“It all started with a broken laptop,” according to an FBI forensics expert who helped expose an online kidnapping and people-eating conspiracy that involved a New York City police officer.
The investigator was Stephen Flatley, senior forensic examiner with the Computer Analysis Response Team in the FBI’s New York City office. He spoke on the second day of the 2013 International Conference on Cyber Security (ICCS), hosted by Fordham and the Federal Bureau of Investigation from Aug. 5 to Aug. 8.
He discussed the technical challenges in building the case against Gilberto Valle, the so-called “cannibal cop” convicted in March of taking part in the plot to kidnap, torture, kill, and cannibalize several women, including his wife. The intended victims included friends he had known since high school or college, Flatley said.
The broken laptop that prompted the investigation belonged to Valle. His wife lent him hers, but when she happened to glimpse what she thought were online dating sites on the screen, she installed spyware that took screen shots and e-mailed them to her.
When she realized what her husband was really up to, she fled the family’s home with their one-year-old daughter and took the computer to the FBI, Flatley said. With her help, investigators copied data from his laptop while he was at work, discovering dozens of folders labeled with women’s names.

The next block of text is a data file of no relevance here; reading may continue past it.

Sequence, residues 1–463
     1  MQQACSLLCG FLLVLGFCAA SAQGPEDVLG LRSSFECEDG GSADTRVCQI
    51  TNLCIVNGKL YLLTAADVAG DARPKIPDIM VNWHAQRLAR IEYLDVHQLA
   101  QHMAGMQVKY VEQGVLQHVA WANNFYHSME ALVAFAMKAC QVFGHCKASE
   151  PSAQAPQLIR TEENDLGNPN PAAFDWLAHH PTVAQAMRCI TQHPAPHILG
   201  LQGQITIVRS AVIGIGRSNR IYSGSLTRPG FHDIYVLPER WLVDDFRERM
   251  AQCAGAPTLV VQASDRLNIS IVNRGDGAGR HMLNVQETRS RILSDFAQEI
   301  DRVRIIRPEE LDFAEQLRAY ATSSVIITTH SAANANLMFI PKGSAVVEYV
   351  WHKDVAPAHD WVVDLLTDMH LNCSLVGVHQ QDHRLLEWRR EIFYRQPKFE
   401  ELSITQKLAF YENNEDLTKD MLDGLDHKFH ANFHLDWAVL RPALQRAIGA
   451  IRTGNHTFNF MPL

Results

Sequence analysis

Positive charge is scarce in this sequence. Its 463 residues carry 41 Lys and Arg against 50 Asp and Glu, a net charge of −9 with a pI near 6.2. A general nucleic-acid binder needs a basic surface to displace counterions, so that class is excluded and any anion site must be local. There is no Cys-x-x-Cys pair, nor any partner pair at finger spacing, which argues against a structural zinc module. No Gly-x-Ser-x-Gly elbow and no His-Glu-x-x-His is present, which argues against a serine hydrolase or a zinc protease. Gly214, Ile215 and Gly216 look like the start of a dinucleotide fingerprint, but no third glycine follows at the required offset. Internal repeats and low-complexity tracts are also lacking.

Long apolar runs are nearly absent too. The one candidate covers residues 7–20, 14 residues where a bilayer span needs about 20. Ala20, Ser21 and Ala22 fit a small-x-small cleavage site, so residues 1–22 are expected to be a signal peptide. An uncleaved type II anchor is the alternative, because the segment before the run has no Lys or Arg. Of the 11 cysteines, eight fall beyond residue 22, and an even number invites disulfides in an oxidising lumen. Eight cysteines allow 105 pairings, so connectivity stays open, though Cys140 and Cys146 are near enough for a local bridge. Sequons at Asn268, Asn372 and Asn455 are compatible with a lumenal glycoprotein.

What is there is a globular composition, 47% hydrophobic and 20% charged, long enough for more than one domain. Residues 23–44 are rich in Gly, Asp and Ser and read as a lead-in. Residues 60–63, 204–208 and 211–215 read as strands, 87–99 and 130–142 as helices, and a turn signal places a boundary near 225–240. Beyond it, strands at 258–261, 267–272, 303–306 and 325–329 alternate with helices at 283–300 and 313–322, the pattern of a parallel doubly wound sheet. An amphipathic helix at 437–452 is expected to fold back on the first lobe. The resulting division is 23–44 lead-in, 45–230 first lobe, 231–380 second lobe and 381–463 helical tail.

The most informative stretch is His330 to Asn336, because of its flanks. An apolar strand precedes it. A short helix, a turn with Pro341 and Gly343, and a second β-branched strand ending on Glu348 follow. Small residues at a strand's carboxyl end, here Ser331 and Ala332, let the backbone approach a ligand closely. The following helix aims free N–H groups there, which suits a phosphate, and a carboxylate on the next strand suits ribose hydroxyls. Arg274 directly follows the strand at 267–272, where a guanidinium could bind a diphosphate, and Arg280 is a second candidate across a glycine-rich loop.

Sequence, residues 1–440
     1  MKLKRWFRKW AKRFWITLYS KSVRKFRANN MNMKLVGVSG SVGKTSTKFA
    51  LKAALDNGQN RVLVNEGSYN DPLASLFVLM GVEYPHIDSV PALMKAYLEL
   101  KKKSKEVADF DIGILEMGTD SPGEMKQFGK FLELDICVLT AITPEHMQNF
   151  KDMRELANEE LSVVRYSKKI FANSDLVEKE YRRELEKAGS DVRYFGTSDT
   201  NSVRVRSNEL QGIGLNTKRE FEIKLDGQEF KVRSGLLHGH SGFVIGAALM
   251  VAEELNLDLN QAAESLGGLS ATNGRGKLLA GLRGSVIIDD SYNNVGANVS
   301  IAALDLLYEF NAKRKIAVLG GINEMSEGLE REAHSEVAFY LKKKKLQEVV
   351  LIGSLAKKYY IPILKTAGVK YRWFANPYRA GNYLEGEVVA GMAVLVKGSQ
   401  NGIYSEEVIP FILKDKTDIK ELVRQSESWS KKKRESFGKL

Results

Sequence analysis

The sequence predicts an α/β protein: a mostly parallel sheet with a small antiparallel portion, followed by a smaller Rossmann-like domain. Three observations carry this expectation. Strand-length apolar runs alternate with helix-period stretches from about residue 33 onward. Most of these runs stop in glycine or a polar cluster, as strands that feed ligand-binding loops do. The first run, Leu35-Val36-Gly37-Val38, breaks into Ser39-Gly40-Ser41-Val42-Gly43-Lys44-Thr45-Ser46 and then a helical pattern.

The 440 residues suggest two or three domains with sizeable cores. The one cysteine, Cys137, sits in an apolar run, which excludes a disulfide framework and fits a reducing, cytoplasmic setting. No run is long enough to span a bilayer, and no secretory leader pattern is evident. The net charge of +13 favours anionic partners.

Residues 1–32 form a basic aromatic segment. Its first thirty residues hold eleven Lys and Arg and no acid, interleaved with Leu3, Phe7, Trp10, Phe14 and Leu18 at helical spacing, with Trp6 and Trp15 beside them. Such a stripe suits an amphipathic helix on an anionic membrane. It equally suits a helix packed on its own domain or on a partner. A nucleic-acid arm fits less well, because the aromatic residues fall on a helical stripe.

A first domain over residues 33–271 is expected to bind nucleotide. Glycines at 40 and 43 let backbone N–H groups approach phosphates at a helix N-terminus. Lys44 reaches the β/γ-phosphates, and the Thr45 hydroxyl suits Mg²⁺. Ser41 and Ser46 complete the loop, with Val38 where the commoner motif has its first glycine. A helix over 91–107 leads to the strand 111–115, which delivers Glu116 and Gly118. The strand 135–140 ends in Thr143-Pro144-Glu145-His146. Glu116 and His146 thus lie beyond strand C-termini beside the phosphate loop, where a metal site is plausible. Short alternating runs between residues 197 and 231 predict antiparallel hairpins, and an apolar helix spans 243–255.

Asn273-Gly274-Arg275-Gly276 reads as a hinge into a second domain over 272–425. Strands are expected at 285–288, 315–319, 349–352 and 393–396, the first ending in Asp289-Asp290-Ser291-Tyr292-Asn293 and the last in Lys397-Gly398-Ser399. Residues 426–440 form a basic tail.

“Jaws hit the floor” when agents saw the number of folders, since they had thought that approximately 20 women were targeted, Flatley said. They set about making sure that none of the women had been reported missing.
His team gathered e-mail addresses from the laptop, sent subpoenas to internet service providers to obtain the messages, and saw their investigation spread to multiple computers, cameras, SD cards, floppy discs, game consoles, and CDs and DVDs. Six alleged conspirators were arrested: four in the United States, three of whom are awaiting trial, and two others in Canada and the United Kingdom.
“We found this really ugly thread and started pulling it and all kinds of weird stuff started coming out,” said Flatley, who also teaches in Fordham’s Department of Computer and Information Science.
The trial brought out various Internet-related questions, such as whether images in Valle’s web cache could be used to show his state of mind (not if there’s no way to prove he saw the pages, the judge ruled). At one point, the defense showed parts of a deposition conducted via Skype, because a subject—the proprietor of a website Valle visited, a hobbyist living in his mother’s basement—was in Russia. As Flatley described it, the video showed a man sipping a drink and answering questions with a terse, Russian-inflected “yes.”
“It was quite the deposition,” he said.
Flatley referred to online communities of people interested in cannibalism. “It was one of these things that we never knew existed until we bumped into this case,” he said.
During the question-and-answer period, an audience member asked how corporations should respond if an employee is found to be frequenting a disturbing site. While visiting the site may be against corporate policy, Flatley said, a lawyer should be consulted about whether to call the police.
“There’s no easy answer to that,” he said. “It’s going to have to be a judgment call every time.”